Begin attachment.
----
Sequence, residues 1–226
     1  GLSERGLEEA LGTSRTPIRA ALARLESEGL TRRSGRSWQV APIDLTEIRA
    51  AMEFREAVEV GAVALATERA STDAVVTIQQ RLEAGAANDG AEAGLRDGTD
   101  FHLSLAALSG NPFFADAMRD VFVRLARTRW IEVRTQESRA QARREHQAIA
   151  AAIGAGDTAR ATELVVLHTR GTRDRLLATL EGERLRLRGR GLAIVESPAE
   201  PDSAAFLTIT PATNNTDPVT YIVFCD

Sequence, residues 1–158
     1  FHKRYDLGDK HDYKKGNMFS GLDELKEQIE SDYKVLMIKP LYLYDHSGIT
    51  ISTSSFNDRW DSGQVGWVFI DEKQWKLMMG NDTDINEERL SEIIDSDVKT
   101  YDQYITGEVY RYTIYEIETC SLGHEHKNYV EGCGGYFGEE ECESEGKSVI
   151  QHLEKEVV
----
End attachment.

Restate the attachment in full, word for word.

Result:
Sequence, residues 1–226
     1  GLSERGLEEA LGTSRTPIRA ALARLESEGL TRRSGRSWQV APIDLTEIRA
    51  AMEFREAVEV GAVALATERA STDAVVTIQQ RLEAGAANDG AEAGLRDGTD
   101  FHLSLAALSG NPFFADAMRD VFVRLARTRW IEVRTQESRA QARREHQAIA
   151  AAIGAGDTAR ATELVVLHTR GTRDRLLATL EGERLRLRGR GLAIVESPAE
   201  PDSAAFLTIT PATNNTDPVT YIVFCD

Sequence, residues 1–158
     1  FHKRYDLGDK HDYKKGNMFS GLDELKEQIE SDYKVLMIKP LYLYDHSGIT
    51  ISTSSFNDRW DSGQVGWVFI DEKQWKLMMG NDTDINEERL SEIIDSDVKT
   101  YDQYITGEVY RYTIYEIETC SLGHEHKNYV EGCGGYFGEE ECESEGKSVI
   151  QHLEKEVV